Under Armor, Nike, Adidas, and other sports logos are visible. The academy drives students in Chevrolets. 

Drinking, Drugs & Smoking

What parents need to know

Parents need to know that The Cost of Winning is a docuseries about a talented private high school football team working towards a national title. If offers positive messages about working hard, committing to education, and striving for better things, but there are also conversations about institutional racism, gun violence, socioeconomic challenges, and the players’ efforts to overcome all of it. There’s also some cursing, including "s--t," "hell" and "ass." Chevrolet vans are visible, and logos for sports companies like Under Armor, Nike, and Adidas are prevalent throughout each episode. 

User Reviews

  • Parents say
  • Kids say

There aren't any reviews yet. Be the first to review this title.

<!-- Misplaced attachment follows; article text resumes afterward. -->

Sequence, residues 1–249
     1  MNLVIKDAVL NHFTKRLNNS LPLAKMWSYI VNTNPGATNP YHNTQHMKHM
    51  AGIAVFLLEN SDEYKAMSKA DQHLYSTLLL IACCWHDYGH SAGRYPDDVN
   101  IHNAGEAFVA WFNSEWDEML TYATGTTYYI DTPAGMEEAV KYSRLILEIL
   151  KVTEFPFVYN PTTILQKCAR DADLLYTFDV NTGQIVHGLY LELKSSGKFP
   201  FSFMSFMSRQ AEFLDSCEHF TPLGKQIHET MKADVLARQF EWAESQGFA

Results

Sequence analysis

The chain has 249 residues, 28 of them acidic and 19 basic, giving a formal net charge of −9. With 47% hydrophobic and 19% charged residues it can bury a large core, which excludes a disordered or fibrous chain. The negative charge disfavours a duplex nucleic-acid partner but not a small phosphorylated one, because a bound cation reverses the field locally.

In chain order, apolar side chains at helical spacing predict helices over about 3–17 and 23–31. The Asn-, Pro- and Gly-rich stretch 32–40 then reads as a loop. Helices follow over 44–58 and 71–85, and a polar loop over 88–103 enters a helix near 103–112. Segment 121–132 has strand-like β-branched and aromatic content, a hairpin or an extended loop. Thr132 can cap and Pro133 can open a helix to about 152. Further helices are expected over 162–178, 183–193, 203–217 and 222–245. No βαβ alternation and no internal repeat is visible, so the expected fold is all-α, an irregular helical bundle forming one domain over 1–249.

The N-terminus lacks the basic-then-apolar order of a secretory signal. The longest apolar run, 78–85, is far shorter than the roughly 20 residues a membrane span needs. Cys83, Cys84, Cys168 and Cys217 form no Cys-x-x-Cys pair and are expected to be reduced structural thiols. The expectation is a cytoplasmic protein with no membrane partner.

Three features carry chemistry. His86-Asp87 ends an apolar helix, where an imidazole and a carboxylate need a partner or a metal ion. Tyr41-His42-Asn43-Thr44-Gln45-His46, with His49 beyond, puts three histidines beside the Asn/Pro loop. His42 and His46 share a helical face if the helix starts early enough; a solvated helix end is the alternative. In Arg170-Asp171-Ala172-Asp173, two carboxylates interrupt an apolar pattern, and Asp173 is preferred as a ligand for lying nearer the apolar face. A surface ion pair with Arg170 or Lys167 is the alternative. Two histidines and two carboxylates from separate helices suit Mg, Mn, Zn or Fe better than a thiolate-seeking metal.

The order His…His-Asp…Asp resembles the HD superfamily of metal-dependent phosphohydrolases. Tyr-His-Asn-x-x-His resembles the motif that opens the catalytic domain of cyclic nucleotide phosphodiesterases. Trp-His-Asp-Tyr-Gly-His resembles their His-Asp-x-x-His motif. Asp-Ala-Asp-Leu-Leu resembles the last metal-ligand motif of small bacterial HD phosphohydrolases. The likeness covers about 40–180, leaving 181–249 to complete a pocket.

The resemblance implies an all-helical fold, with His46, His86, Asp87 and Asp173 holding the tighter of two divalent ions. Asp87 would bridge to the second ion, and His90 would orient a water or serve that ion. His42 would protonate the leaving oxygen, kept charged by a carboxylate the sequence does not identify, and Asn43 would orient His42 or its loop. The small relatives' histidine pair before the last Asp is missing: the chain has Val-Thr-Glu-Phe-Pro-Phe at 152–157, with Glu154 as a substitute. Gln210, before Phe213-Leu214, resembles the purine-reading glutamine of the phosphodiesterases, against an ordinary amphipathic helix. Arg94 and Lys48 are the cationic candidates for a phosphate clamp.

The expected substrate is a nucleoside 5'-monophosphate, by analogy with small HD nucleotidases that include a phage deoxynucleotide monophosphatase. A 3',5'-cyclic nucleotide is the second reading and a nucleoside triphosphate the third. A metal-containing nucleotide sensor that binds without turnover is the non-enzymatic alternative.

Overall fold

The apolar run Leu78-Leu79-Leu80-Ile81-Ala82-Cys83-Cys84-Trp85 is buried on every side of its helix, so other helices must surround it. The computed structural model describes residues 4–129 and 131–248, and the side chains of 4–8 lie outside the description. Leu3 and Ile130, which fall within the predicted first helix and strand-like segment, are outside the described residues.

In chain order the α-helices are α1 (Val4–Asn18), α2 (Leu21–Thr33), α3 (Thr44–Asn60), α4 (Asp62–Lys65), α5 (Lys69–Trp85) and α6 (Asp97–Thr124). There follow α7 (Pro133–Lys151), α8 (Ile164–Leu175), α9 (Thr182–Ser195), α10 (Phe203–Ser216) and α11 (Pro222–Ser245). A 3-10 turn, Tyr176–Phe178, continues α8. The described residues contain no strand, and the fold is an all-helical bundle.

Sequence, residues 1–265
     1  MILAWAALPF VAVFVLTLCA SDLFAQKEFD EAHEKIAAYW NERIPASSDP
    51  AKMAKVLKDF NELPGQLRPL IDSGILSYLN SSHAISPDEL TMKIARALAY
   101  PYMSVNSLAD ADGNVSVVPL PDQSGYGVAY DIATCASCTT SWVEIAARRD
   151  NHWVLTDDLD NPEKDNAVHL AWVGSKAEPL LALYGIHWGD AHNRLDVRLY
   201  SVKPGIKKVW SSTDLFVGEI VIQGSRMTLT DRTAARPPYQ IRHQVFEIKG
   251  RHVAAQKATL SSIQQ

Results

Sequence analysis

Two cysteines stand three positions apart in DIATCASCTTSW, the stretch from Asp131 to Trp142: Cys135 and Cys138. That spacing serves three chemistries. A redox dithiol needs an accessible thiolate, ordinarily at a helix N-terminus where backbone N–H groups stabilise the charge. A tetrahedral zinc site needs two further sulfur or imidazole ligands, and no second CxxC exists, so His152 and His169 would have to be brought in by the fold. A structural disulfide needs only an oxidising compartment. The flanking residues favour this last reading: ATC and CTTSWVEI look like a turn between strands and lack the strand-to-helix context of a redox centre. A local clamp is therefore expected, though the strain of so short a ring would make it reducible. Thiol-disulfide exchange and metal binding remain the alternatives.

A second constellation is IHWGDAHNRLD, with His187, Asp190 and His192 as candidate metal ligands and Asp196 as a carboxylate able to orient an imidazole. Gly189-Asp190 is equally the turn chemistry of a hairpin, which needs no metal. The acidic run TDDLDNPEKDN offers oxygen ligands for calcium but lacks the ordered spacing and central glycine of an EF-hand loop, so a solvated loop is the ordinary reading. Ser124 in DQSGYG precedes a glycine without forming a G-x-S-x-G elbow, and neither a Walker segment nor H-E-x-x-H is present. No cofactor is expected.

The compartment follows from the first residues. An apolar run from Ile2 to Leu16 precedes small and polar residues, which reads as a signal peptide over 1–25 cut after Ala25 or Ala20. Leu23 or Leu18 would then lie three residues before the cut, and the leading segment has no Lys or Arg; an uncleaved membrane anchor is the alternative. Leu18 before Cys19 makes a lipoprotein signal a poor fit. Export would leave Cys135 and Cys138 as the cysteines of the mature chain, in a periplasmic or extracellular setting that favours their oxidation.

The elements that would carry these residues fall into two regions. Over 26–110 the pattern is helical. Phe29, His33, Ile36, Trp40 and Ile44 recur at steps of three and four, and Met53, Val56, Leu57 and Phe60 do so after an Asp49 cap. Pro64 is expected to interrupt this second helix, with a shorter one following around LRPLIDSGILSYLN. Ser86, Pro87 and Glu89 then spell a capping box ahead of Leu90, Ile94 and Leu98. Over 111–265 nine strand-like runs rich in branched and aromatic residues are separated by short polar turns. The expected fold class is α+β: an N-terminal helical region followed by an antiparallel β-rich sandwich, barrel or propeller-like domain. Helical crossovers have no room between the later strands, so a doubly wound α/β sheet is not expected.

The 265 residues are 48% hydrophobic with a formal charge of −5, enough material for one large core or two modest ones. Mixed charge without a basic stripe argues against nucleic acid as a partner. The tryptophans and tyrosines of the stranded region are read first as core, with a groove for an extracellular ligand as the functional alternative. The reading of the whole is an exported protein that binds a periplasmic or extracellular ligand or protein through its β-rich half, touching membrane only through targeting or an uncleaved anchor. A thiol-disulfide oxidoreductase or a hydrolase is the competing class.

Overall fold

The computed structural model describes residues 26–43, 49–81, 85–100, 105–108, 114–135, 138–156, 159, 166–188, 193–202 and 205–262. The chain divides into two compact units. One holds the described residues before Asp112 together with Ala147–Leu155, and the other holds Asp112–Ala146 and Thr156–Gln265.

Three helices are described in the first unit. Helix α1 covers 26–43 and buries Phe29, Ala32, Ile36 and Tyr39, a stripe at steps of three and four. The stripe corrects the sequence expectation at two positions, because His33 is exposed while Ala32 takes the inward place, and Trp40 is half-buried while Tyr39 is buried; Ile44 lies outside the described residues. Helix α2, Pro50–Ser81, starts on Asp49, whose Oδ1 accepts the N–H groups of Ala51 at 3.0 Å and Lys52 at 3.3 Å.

There aren't any reviews yet. Be the first to review this title.

What's the story?

Executive produced by former NFL player and Good Morning America host Michael Strahan, THE COST OF WINNING is a four-part documentary that chronicles the St. Frances Academy high school football team. In 2018, the Panthers were at the top of Baltimore’s private school league. But after alleged racially-driven controversies surrounding how co-head coach Biff Poggi was running the program, other teams in the Maryland Interscholastic Athletic Association refused to play them. Now the Panthers are seeking to take the top spot in the national league as an independent program. Cameras follow the players as they embark on a grueling year of practice, travel, and studies in order to show the country what they’re made of. Throughout it all, Poggi and fellow head coach Henry Russell -- as well as additional team staff, academic experts, and the players -- share their thoughts about the unique challenges they face as an inner-city private school team in one of the most troubled cities in the country. It’s not an easy journey, but it does teach the young players that football can offer a lot of opportunities, in addition to challenges on and off the field.